UN food agency continues relief efforts in tsunami-hit Indonesia

3 August 2006

Over two weeks after a tsunami hit the southern Indonesian coast of Java, the United Nations World Food Programme (WFP) and its local partners are continuing to provide relief aid to thousands of people affected by the disaster, which has caused nearly 700 deaths.

Over two weeks after a tsunami hit the southern Indonesian coast of Java, the United Nations World Food Programme (WFP) and its local partners are continuing to provide relief aid to thousands of people affected by the disaster, which has caused nearly 700 deaths.

The agency, which dispatched two truckloads of micronutrient-enriched biscuits and noodles to the region the day after the giant waves struck, is planning a one-month distribution of supplementary food aid to some 25,000 people in the six hardest-hit areas in and around Pangandaran.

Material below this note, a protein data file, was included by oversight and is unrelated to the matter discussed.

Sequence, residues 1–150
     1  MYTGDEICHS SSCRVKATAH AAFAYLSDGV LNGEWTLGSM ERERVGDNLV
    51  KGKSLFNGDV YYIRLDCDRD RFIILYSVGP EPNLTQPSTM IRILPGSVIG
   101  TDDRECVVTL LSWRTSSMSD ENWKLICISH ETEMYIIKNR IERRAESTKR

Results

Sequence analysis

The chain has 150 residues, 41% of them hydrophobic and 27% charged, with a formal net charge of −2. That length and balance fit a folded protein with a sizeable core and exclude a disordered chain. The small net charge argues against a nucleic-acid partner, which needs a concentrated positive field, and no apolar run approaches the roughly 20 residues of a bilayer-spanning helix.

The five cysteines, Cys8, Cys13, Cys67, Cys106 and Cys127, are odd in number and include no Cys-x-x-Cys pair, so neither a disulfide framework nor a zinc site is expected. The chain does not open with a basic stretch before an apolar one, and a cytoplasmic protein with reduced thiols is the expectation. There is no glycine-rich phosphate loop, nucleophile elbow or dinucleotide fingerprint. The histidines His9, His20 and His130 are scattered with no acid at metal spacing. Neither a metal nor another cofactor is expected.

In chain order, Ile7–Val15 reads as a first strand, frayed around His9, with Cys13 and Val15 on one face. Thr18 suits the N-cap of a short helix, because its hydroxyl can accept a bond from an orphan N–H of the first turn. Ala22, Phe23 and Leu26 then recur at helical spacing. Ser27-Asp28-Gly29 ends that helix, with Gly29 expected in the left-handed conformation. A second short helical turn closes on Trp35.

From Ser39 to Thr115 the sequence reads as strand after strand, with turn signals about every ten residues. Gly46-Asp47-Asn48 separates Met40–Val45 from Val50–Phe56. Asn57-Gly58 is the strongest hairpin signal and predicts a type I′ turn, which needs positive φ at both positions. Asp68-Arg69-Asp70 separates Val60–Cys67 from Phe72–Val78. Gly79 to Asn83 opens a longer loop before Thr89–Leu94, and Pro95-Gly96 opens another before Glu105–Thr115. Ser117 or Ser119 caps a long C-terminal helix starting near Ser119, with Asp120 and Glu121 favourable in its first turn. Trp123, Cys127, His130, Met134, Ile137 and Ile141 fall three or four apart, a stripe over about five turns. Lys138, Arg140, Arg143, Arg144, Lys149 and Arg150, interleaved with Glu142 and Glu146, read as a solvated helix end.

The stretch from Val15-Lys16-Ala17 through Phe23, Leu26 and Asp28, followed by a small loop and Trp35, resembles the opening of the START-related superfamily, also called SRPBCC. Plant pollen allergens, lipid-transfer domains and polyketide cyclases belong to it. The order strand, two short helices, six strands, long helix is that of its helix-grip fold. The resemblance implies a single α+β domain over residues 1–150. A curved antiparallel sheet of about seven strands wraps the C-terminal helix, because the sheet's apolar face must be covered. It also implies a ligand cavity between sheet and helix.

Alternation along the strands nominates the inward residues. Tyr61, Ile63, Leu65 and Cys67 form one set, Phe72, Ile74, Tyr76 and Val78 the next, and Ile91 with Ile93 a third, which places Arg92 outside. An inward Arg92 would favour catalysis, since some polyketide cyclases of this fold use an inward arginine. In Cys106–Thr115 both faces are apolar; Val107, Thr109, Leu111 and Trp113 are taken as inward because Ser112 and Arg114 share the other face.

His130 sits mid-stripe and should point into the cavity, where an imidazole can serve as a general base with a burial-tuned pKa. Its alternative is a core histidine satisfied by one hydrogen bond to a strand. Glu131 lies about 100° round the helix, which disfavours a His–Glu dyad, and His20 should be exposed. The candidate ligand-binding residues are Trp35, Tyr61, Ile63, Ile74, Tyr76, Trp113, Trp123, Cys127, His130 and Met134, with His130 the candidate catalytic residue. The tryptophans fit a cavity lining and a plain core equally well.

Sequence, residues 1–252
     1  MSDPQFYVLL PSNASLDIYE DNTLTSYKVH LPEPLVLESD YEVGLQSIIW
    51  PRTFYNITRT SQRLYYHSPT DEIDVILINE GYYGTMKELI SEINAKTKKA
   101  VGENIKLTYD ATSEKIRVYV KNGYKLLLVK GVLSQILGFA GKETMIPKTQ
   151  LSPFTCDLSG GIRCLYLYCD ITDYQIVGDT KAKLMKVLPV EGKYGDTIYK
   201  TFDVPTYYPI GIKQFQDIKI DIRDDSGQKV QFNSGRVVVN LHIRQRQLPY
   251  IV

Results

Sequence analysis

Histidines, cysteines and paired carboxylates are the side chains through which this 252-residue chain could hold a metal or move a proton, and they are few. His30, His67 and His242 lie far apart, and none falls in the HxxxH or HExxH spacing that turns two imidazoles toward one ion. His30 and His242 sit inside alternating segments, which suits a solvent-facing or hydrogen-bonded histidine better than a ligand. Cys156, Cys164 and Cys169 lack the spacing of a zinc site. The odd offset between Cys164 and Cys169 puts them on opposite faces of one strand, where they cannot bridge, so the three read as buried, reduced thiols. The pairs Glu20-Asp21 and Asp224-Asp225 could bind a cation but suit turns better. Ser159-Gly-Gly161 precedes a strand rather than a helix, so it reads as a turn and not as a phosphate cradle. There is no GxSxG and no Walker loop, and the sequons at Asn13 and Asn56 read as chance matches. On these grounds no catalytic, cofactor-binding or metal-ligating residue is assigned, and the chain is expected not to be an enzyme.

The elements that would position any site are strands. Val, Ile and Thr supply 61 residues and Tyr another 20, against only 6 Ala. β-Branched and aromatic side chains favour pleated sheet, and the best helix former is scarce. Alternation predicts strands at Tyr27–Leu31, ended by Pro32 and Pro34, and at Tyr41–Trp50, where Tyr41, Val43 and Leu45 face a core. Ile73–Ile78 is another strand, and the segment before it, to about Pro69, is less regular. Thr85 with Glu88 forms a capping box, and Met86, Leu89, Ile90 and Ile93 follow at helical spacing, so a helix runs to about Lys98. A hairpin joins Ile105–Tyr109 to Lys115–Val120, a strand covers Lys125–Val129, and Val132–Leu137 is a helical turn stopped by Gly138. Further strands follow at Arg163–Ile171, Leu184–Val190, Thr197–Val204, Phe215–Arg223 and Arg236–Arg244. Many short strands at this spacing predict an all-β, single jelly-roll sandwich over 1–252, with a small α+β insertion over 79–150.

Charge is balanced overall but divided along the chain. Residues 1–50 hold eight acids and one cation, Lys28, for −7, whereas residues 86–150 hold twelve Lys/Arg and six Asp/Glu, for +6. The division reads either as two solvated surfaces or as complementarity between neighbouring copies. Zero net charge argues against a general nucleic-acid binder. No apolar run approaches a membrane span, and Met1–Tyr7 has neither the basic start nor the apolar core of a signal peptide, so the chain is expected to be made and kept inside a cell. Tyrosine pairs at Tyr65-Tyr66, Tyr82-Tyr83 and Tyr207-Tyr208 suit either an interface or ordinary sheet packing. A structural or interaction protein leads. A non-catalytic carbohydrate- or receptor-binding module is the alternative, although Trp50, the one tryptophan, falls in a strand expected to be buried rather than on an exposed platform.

More than 20 of the 68 tons of food that will be required for the whole operation has already been pre-positioned in temporary warehouses in the town, said the agency, which is working with the local Red Cross and the Palang Merah Indonesia (PMI).

WFP’s aid is intended to complement ongoing government and PMI distributions of rice, noodles, cooked vegetables and other commodities, most of which are being provided in the form of hot meals by PMI field kitchens.

Almost 700 people died when an undersea earthquake sent a six-metre high tsunami crashing into a 200 kilometre-long stretch of Java's southern coast on 17 July. Over two weeks later, up to 15,000 people are still homeless, according to WFP.

A further 10,000 are staying in IDP camps out of fear of another natural disaster; most recently, an earthquake shook the coast of Sulawesi on 23 July.

 

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